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Primate Conservation

Coordinators:  Nancy Ruggeri, Department of Zoology,
University of Wisconsin-Madison

The World's Top 25 Most Endangered Primates- 2002

A recent report released by Conservation International (CI) and the Primate Specialist
Group of IUCN was finalized at the 2002 International Primatological Society meetings
in Beijing. It is a revision of their previously released "The World's Top 25 most Endangered Primates",
which indicates that about one out of every three primate species is currently
threatened with extinction.  This updated version suggests that Indonesia now exceeds
Madagascar and Brazil for the country with the most endangered primates.  However,
Madagascar, identified as one of the world's biodiversity hotspots, has 10 critically endangered
species, and 21 endangered species.  For the full report, please refer to the link at the bottom
of this message.

Each week, we will be featuring one of the 25 primate species in peril.  This is being
done in conjunction with Conservation International.  The fact sheets are compiled by
Sean Flannery at the WPRC Library and Information Service.

Pig-tailed Snub-nosed Monkey or "Simakobu"
Simias concolor

The genus Simias is known only from Indonesia's Mentawai Islands, situated off 
the west coast of Sumatra. Until humans arrived approximately two millenia ago, 
its only predators were probably large constricting snakes and birds of prey. 
Today, however, hunting is considered a serious threat to the four indigenous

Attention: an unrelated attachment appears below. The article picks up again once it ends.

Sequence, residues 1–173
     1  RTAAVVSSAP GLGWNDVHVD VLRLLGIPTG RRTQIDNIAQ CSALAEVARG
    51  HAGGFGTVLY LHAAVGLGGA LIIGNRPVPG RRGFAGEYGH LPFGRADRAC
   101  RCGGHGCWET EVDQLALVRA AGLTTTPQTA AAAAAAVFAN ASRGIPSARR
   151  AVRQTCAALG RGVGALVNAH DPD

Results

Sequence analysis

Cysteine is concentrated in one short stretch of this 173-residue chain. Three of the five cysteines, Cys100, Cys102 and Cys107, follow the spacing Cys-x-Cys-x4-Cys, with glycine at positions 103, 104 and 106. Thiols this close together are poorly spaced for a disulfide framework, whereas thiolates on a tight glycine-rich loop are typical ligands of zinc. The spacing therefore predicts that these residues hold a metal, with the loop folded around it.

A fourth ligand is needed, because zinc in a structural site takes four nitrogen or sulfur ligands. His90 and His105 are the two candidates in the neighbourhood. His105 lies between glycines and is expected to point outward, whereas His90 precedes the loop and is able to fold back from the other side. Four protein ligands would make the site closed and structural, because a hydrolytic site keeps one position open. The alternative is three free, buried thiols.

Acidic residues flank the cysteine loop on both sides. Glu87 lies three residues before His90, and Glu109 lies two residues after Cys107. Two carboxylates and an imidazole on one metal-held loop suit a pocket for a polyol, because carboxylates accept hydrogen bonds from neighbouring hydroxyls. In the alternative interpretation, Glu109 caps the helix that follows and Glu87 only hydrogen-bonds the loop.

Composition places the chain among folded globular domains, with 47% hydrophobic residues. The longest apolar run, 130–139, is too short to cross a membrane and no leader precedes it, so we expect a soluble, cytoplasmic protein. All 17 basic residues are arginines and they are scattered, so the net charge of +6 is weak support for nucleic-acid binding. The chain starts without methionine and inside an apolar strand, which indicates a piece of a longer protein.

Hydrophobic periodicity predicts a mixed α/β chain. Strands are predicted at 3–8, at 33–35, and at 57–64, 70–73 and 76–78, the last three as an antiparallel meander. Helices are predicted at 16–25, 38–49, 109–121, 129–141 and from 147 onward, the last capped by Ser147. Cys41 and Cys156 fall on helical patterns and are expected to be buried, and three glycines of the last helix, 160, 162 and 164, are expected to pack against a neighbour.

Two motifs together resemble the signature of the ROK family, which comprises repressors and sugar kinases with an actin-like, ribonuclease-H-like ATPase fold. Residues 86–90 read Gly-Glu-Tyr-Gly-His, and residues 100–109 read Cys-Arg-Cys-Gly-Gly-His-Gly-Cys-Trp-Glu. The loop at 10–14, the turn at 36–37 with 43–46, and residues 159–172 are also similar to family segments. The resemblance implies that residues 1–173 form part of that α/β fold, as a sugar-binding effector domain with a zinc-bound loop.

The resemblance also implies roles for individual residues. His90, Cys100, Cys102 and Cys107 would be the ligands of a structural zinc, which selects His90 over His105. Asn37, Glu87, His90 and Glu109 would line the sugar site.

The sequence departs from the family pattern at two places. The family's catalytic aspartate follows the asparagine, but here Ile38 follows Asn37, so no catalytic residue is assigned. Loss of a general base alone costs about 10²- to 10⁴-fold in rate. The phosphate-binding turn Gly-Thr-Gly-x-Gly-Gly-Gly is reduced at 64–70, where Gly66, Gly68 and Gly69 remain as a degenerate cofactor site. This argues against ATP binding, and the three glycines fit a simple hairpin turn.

Mentawai primates, all of which are endemic to these islands. Simias concolor 
was originally considered monotypic, but is now believed to include two subspecies, 
S. c. Concolor from the Pagai islands and Sipora, and S. c. siberu from the island 
of Siberut. The common English name of this large-bodied monkey is derived from its 
short pig-like tail and its shortened nose, which very much resembles that of the 
Tonkin snub-nosed monkey (Rhinopithecus avunculus) of Vietnam, another critically 
endangered species. Simias concolor concolor occurs in the Betumonga Wildlife Sanctuary 
on the island of North Pagai and in Siberut National Park on the island of Siberut. 
It is also known to occur in a number of forests reserves on the islands of South Pagai, 
Sipora, Simalegu and Sinakak. However, while the simakobu apparently can adapt to some 
human encroachment and habitat disturbance, almost all its remaining natural habitat 
that lies outside officially protected areas is now included in logging and mining 
concessions and could very well be lost.

Photo Links:

This information is from a report by Conservation International: Primates in Peril, 
The World's Top 25 Most Endangered Primates- 2002. The full report is available at:

Relevant Citations from Primate Lit (
Miller CT, Paciulli LM.  Patterns of lateralized hand use in an arboreal primate, Simias concolor.
AM J PRIMATOL 56 (4): 231-236 APR 2002

Tenaza RR ; Fuentes A.  Monandrous social organization of pigtailed langurs (Simias concolor)
in the Pagai Islands, Indonesia.  INT J PRIMATOL. 1995. 16(2). Pgs: 295-310

Yanuar A ; Fuentes A ; Studd K.  A short report on the current status of the Mentawai snub-
nosed pig tail langur (Simias concolor concolor) on Simalegu Island, South Pagai, 
Mentawai, Indonesia.  TROP BIODIV. 1998. 5(3). Pgs: 299-305

The full report is available at:
Full report
Topics in Primate Conservation is supported by a grant RR00167,
Regional Primate Centers Program, National Center for Research
Resources, The National Institutes of Health.

Posted Date: 05-21-03